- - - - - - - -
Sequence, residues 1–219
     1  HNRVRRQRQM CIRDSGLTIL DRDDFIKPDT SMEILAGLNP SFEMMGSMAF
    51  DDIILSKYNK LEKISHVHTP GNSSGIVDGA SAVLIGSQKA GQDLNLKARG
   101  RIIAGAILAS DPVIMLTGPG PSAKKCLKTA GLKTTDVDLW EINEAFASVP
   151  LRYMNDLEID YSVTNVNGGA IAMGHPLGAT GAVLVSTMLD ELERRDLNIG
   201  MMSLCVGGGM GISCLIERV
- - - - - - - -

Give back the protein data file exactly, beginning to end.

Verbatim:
Sequence, residues 1–219
     1  HNRVRRQRQM CIRDSGLTIL DRDDFIKPDT SMEILAGLNP SFEMMGSMAF
    51  DDIILSKYNK LEKISHVHTP GNSSGIVDGA SAVLIGSQKA GQDLNLKARG
   101  RIIAGAILAS DPVIMLTGPG PSAKKCLKTA GLKTTDVDLW EINEAFASVP
   151  LRYMNDLEID YSVTNVNGGA IAMGHPLGAT GAVLVSTMLD ELERRDLNIG
   201  MMSLCVGGGM GISCLIERV